New infectious diseases have been appearing more often, says a study that suggests “hot spots” where the next new germs are most likely to appear.
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“We need to be out there in the hot spot regions looking for the next HIV,” said study co-author Peter Daszak.
Daszak, the executive director of the New York-based Consortium for Conservation Medicine at Wildlife Trust, and other researchers present their analysis in Thursday’s issue of the journal Nature.
Experts called it the most thoroughly documented report yet to show a past increase in new infectious diseases and to predict where they might appear next.
To designate the hot spots, researchers found 335 appearances of new disease between 1940 and 2004, and then analyzed social and environmental factors that appeared to promote them. Most disease events involved germs new to humans, but researchers also counted illnesses from established germs that had become drug-resistant, moved into a new region or had become much more common.
Decade-by-decade, such incidents grew steadily from 25 in the 1940s to 98 in the 1990s, except for a spike of 103 during the 1980s.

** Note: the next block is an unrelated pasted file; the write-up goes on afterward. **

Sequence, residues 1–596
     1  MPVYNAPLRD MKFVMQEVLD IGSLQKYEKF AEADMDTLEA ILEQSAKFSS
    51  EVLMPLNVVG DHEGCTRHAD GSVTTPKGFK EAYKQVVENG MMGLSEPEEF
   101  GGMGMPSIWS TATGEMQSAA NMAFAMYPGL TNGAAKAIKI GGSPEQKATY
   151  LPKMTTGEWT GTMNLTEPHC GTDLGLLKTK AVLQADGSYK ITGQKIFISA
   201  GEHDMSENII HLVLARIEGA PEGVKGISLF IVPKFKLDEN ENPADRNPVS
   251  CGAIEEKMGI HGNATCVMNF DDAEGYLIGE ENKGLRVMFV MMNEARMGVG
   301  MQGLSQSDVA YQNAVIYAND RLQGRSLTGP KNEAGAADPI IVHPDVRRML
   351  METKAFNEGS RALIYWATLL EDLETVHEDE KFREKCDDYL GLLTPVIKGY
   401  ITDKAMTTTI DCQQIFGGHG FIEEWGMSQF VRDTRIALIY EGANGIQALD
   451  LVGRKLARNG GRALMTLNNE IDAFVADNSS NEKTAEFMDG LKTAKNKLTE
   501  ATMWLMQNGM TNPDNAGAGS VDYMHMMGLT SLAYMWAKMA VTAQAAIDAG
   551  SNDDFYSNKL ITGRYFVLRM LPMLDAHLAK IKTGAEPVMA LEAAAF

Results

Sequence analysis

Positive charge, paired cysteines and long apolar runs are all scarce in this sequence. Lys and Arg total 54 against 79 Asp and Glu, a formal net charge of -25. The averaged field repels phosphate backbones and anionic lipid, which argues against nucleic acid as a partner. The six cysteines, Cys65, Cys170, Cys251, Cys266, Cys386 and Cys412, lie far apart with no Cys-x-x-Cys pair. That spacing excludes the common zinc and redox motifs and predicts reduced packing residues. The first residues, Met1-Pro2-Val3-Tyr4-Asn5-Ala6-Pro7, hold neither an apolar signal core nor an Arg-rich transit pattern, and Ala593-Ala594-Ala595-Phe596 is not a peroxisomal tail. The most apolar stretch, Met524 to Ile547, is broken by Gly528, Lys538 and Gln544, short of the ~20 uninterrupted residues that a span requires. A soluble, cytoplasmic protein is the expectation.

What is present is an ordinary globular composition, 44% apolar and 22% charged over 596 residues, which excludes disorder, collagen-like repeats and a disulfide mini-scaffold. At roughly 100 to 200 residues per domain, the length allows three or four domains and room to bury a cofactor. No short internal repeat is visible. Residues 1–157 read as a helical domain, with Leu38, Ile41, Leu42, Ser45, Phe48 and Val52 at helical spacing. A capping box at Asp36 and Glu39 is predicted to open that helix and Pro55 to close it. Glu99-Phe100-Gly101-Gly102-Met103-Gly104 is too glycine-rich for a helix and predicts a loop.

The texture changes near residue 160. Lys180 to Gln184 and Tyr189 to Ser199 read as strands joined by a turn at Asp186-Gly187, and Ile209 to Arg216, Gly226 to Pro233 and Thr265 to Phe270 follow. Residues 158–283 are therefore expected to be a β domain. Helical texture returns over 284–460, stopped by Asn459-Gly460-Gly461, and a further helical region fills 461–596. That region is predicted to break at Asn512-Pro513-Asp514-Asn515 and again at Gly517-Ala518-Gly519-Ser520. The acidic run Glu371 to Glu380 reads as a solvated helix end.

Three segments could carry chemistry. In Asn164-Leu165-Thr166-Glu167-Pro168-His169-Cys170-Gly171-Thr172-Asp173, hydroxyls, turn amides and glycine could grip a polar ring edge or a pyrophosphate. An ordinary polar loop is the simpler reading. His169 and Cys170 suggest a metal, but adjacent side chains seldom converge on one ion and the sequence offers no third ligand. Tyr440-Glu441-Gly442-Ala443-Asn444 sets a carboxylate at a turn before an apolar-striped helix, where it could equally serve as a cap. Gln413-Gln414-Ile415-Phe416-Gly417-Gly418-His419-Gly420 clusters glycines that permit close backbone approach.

Some proposed future hot spots were for illnesses that emerge from wildlife, as the AIDS virus HIV did from chimpanzees.
The researchers said the highest risk areas are in parts of east Asia, Central America and South America, the Indian subcontinent, Africa, western Europe and some population centers of North America. That’s because the historical analysis had found the risk of such diseases goes up with factors like high population density and diversity of wildlife, the researchers said.
Peter Cowen, of North Carolina State University, who didn’t participate in the study, called the hot spot analysis “a good guesstimate.”
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